Set in a traditional London pub on the night it goes out of business, We Anchor in Hope is a nostalgic elegy for a dwindling sense of community.
Playwright Anna Jordan populates her doomed boozer with recognisable but overfamiliar characters, capturing the rhythms of their cheeky banter. However, as their lock-in slowly descends into the inevitable drunken confrontations, Jordan fills in their stories with strokes so broad they verge on the manipulative.
Old-timer Frank – a poised David Killick – struggles with memory loss. Landlord Kenny waxes lyrical about the blitz spirit he felt during the 7/7 bombings.
The cast tackles the overstretched material with impressive energy. Alex Jarrett is strong as bartender Pearl, watching the men who surround her with wariness and guarded compassion. She shares a great chemistry with Alan Turkington’s middle-aged scaffolder Shaun, their mutual warmth always just one flirtatious remark away from boiling over into sexual tension.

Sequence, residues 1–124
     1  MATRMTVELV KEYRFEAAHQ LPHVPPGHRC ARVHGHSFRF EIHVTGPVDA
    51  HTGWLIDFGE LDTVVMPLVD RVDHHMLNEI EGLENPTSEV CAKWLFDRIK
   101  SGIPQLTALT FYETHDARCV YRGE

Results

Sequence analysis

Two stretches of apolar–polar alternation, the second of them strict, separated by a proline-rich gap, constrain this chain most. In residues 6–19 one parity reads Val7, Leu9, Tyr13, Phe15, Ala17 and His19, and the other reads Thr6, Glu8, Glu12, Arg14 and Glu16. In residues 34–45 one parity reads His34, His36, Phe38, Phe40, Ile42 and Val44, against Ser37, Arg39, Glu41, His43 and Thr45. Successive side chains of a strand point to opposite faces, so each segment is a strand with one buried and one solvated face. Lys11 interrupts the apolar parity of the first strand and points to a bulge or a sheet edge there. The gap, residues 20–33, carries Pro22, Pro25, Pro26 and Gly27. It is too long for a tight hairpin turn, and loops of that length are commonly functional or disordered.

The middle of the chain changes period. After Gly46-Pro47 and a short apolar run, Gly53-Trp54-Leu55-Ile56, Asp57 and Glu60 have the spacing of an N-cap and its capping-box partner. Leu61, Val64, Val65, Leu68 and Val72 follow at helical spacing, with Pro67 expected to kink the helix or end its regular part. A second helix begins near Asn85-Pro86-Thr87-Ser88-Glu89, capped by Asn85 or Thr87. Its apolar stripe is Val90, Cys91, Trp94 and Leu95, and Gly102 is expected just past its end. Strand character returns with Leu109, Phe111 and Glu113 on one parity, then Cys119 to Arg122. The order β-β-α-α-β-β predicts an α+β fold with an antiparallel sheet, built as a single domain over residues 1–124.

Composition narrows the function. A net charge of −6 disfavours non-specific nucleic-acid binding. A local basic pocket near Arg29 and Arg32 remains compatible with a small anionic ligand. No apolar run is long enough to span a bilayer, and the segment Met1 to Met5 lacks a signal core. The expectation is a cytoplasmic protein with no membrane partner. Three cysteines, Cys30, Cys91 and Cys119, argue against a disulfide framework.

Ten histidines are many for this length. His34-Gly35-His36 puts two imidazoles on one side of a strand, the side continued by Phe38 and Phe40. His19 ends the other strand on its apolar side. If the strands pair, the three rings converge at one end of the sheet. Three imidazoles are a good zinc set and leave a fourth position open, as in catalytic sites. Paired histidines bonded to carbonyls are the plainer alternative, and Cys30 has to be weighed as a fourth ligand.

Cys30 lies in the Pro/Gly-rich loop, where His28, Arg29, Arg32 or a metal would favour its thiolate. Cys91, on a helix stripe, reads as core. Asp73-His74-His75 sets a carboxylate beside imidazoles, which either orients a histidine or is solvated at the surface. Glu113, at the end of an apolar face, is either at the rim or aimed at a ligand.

Meanwhile, Valentine Hanson puts on a brave face as Kenny, doling out free shots and rolls of petty cash as his world falls apart, an edge of desperate, dangerous ferocity underpinning his performance.
Designer Zoë Hurwitz has transformed the Bunker Theatre’s intimate industrial space into a convincing, carpeted barroom, where the audience perches on stools and wooden chairs.
Director Chris Sonnex uses the venue to the full, keeping the performers circulating, singing, and squabbling, generating a mood as chaotic, intense, but ultimately unsatisfying as any drunken blowout.